Table of Contents

Solid State Technology

Year 2008
Issue 4



New Products

Cambridge NanoTech, a supplier of atomic layer deposition (ALD) systems for research and industry, has released the Savannah S300 system, which offers the same combination of ease of use, reliability and experimental flexibility as earlier models in a larger format.

Small Tech Exec

...But how do you build it?

It’s a common occurrence in the world of advanced materials–an engineer develops a brilliant design, but it is too expensive or complex to mass produce because of limitations in the manufacturing methods available to integrate ceramics, metals, glasses, and polymers.


Nanocoatings boost industrial energy efficiency

Researchers at the US Department of Energy’s Ames Laboratory are collaborating with other research labs, universities, and industrial partners to develop a coating for machine components to give them a tough, “slippery” surface that reduces friction, reduces input energy, and extends the parts’ lifetimes.


Moving parts: Applied Materials as a MEMS tool supplier

Applied Materials is a well-known supplier of processing and inspection equipment to the semiconductor manufacturing industry, and now also the photovoltaics (PV) industry.

Under The Microscope

A look at the economy

At the time of this writing, the extent of the financial crisis (both in scope and duration) is still unknown, though most agree that it will get worse before it gets better.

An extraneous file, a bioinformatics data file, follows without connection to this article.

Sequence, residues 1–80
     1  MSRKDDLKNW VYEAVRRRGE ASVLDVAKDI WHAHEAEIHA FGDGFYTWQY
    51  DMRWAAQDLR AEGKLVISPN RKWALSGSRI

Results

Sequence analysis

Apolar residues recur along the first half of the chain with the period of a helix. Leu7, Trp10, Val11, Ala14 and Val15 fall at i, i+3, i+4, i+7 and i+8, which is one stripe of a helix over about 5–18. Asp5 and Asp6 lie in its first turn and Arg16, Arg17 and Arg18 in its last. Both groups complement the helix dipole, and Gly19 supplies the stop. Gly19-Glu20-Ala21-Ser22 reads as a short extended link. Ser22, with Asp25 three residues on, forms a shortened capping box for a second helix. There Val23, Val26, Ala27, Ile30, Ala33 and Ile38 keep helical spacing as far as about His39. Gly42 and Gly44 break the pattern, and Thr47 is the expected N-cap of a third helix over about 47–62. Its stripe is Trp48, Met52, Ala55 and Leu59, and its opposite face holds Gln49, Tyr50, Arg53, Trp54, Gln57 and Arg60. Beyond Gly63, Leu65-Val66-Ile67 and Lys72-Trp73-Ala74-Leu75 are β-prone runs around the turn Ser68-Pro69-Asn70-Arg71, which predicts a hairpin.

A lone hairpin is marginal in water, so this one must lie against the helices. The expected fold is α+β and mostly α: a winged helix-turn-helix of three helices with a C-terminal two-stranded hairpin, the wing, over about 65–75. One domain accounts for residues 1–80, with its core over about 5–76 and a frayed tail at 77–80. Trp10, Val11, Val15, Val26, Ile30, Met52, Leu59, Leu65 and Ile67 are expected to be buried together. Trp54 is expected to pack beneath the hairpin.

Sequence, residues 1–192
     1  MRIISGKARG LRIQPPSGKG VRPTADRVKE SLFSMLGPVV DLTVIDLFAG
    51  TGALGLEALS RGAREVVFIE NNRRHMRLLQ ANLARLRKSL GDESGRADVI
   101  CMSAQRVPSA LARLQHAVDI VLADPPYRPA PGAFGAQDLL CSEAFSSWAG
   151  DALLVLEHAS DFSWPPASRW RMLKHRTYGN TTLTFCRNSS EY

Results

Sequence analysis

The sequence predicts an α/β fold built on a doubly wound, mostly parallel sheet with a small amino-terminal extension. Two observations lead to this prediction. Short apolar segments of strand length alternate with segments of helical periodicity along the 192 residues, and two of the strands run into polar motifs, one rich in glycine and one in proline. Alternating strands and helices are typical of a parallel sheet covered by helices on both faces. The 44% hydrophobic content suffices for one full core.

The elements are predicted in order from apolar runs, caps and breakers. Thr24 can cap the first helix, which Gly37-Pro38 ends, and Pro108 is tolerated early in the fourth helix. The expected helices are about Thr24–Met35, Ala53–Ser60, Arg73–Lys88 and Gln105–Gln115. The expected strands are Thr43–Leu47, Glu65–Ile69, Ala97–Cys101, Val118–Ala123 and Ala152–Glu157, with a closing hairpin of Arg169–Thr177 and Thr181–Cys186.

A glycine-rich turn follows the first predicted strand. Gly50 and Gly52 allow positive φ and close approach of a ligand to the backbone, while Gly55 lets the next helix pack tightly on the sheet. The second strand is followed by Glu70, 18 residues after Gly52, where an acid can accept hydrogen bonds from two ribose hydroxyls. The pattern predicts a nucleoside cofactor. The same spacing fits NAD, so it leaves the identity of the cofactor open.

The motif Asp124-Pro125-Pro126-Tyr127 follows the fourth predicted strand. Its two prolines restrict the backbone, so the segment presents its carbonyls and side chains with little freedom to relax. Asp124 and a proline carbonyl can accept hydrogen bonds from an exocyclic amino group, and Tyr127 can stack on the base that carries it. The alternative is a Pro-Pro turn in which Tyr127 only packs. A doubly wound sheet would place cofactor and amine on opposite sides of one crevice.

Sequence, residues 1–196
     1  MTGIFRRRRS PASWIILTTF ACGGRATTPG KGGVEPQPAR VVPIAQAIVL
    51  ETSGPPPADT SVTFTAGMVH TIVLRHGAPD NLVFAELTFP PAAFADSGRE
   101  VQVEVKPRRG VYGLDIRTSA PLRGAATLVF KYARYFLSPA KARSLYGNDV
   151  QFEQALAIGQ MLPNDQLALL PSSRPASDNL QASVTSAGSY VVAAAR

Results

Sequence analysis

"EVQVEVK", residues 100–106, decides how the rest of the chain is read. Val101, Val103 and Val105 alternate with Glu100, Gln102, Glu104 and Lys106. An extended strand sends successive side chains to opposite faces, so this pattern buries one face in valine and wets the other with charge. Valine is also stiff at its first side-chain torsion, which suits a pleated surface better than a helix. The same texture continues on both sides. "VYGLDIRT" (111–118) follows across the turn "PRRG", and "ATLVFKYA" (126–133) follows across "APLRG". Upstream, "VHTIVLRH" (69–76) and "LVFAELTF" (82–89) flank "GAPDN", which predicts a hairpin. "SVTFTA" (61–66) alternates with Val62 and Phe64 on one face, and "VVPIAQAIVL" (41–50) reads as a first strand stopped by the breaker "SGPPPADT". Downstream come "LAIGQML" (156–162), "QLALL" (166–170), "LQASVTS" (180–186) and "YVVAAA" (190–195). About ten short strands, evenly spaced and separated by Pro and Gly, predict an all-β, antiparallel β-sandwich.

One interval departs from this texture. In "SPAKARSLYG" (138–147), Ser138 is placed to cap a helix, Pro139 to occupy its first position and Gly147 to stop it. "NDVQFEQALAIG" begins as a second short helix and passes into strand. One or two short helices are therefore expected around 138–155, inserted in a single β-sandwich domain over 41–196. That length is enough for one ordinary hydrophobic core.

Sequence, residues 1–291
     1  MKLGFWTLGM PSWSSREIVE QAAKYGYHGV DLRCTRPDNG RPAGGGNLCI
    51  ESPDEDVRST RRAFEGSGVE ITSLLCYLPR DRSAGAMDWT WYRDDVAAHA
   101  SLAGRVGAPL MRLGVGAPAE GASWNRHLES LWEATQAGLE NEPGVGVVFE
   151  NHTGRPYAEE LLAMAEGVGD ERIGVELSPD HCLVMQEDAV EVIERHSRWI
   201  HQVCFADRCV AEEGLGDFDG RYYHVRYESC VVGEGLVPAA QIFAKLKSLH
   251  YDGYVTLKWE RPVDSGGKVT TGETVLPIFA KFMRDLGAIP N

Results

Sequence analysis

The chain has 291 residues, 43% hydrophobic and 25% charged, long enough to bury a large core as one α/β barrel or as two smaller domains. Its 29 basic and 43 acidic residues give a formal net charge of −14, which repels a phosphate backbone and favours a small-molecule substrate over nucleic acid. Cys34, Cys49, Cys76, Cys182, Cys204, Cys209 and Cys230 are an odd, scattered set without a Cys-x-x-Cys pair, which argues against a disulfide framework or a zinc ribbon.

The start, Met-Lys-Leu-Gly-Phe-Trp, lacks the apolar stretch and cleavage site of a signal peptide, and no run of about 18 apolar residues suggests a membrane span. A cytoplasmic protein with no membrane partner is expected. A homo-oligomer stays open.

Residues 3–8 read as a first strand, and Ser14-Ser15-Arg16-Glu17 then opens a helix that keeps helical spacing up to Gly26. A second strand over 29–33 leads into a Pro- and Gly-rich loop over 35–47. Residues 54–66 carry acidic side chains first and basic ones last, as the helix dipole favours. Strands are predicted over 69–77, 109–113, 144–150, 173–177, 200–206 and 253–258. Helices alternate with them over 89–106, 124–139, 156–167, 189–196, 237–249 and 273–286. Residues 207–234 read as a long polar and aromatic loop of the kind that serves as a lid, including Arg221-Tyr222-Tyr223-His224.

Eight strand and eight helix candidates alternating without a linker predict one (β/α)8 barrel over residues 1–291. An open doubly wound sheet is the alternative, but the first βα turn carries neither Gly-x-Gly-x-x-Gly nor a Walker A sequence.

Thinking Outside The Chi

Thinking outside the chip: MEMS-based systems solutions

In the September/October issue of Small Times (p.32) I introduced a “MEMS Commercialization Report Card” which addressed 14 barriers needed to be overcome to realize a successful commercialization process for MEMS.

Fuel Cell Technology Ben

Fuel cell technology benefits and applications for micro- and nanotech commercialization

Fuel cells have long been hailed as an environmentally friendly, silent, and efficient energy source for powering a diverse number of applications off the grid.

Detecting Failure Modes

Detecting failure modes in today’s MEMS

Microelectricalmechanical systems (MEMS) are taking a whole new role in our day-to-day life, and are much more widely used than ever before, due to a wide range of benefits including their low mass, fast mechanical response, low power consumption, and potential for lowering end costs.

Emulation Based Virtual

Emulation-based virtual manufacturing techniques for integrated MEMS

Integration of MEMS devices and CMOS electronics on one die can bring powerful capabilities, including reduced system power consumption and improved volume-to-area ratio to automotive, biomedical, RF, photonics, information technology, and other applications.

Technical And Cost Analy

Technical and cost analysis of Medis’ micro fuel cell

The ‘energy gap’ in portable electronics makes micro fuel cells increasingly attractive.

Imec Improves Piezoelect

IMEC improves piezoelectric energy harvesters to drive vehicle health monitoring

by Jan Provoost, IMEC, Leuven, Belgium, and Rob van Schaijk, IMEC Holst Center, Eindhoven, The Netherlands